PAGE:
Xol’s disastrous example, however, is helping to persuade his neighbors that it is a bad idea to go into debt to pay smugglers for a fruitless trip north:

Xol said he faces constant questions from nosy villagers about his trip to the border. “They say, ‘You went because you are dumb,’” he said. “That’s the first thing they say. ‘How did you not think?

But this ghastly process of Central American debt, death, and divided families has a big upside for some progressives who use it to earn a living and to shower praise on each other:

The case was at a standstill until late last week, when the celebrity lawyer Michael Avenatti and his Laredo-based associate, civil rights attorney Ricardo De Anda, agreed to represent the family pro bono.

Avenatti and De Anda were alerted to Byron’s case by Sylvia Rodriguez, an immigrant advocate in New Jersey who has worked with the family this summer and raised money to support separated children.

In recent weeks, Avenatti — an outspoken Trump critic better known as the attorney representing porn star Stormy Daniels in her legal battle with the president — has collaborated with De Anda on a number of family separation cases, including the reunion of an immigrant child named Antony with his deported mother in Guatemala City on Aug. 14.

But there’s little chance that the process will be quickly ended by returning Byron back to his family and school and very little chance that the progressives will quietly pay off Xol’s debts.

Instead, the lawyers are considering plans to bring Xol back into the United States so he can continue the public legal fight to win some benefit for his son:

The new legal team has two options for reuniting Xol and Byron: Ask an immigration judge to grant Byron a “voluntary departure” so that he can return to Guatemala; or seek to overturn Xol’s original deportation, paving the way for him to reunite with his son in the U.S. and seek asylum.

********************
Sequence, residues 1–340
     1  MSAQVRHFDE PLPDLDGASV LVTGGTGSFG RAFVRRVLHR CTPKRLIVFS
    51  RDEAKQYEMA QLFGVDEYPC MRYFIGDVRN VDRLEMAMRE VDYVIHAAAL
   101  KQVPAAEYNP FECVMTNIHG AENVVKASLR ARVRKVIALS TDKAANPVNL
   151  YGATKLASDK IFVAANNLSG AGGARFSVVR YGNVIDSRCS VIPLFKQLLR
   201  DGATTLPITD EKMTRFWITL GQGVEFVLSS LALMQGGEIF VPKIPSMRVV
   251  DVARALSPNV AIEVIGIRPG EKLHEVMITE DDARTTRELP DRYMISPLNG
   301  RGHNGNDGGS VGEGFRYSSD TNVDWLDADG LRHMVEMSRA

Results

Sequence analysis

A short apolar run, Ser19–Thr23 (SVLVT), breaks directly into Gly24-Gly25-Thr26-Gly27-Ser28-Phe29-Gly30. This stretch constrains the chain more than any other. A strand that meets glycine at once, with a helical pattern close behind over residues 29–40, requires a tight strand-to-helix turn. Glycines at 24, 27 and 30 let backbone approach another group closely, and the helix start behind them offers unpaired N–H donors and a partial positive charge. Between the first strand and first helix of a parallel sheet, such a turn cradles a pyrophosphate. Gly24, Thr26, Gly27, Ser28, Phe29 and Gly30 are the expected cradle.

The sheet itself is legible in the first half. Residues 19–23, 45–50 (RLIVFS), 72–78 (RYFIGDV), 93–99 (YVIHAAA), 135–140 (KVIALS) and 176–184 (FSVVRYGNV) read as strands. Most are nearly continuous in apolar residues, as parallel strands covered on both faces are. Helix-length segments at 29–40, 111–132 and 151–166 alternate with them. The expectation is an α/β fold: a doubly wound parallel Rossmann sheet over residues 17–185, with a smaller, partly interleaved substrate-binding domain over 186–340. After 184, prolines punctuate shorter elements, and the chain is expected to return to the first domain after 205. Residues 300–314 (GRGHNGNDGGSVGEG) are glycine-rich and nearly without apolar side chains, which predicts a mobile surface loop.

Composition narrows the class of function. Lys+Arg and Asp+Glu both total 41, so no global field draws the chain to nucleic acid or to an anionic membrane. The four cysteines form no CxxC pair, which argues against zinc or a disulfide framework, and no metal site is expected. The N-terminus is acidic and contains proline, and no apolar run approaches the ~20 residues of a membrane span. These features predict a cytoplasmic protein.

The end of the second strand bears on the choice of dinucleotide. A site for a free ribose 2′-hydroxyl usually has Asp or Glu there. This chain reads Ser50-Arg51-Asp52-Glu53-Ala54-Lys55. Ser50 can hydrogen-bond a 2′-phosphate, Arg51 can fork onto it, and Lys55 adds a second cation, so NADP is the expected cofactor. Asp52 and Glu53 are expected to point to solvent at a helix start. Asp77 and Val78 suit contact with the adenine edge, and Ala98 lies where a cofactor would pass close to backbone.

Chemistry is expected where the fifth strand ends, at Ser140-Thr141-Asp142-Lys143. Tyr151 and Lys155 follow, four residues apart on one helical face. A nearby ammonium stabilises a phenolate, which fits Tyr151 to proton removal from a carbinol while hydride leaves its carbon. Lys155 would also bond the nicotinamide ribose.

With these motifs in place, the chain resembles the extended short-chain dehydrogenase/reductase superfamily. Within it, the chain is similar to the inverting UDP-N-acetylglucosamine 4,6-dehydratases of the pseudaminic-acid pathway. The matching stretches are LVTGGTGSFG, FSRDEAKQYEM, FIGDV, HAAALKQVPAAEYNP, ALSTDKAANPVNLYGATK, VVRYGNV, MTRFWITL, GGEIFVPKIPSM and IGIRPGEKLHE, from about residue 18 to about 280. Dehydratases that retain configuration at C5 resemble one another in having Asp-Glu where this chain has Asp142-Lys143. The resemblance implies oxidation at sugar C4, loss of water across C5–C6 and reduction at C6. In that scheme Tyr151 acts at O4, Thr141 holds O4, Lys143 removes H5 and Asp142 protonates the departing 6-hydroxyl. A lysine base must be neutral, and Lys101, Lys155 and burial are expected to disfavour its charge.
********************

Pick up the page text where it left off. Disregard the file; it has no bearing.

De Anda said that after preliminary conversations with Xol, he’s leaning toward the second option.

But that second option needs some evidence, for example, that the father and son need asylum to escape dangerous Guatemalan gangs. And so, according to the Tribune:

When he spoke with his client last week, De Anda said, Xol described his past run-ins with gangs in Guatemala as a potential source of danger for his family.

“The maras have been pressing to recruit him into their criminal activities. He refused to be pressed into this sort of action,” the attorney said, using the Spanish word for gangs. “He’s been beat up before and he’s afraid he’ll be beat up again.”

But the lawyers’ ambition is legally suspect, as the Tribune explains:

[Xol’s district of] Alta Verapaz generally has a “very low gang presence,” according to Pablo Castillo, a spokesman for Guatemala’s national police.

Besides, Xol also told the Tribune that he does not worry about the gangs, effectively ending his chance of getting asylum:

Two years ago, he said, he had a run-in with local gang members, who tied him up and threw him into a river. Despite that harrowing experience, he said he never intended to request asylum in the U.S. or put down permanent roots.

Worse, Xol does not want to be sent north for the reunification, the Tribune notes:

Xol has made clear that he does not want the reunification to take place in the U.S.

“My wife has been giving me advice about taking it slow, and seeing what we can do for him to come,” he said. “We both have been praying to God for our kid to come back soon.”

But the progressive American claims to know best, according to the Tribune:

De Anda acknowledged the possible downsides of attempting to overturn Xol’s deportation order. But, he added, “the safety of the child is paramount.”

“It needs to be clear to me that Byron will not be placed in danger if he’s returned to Guatemala,” he said.

Xol’s disaster has been great for Democratic politicians and progressive reporters, who used the migration crisis to slam Trump and to generate huge quantities of pro-migration programming.

The Texas Tribune downplays the progressives’ self-dealing, but it does recognize the disaster of Xol’s decision:

A trip designed to build a better life for his children has turned into a financial nightmare. With the family struggling to pay bills and his son stranded in Texas, Xol said he has contemplated suicide.

“It’s not that I am not a man,” he said. “But I don’t know how to pull through anymore.”

Back in Guatemala, however, Xol’s neighbors are rallying around him:

Xol and Florinda got a boost on June 24, Byron’s eighth birthday, when three dozen congregants from the local evangelical church gathered at their cottage to eat tamales and pray. “I had never received so many people at my house,” Xol said.

Read the full story at the Texas Tribune.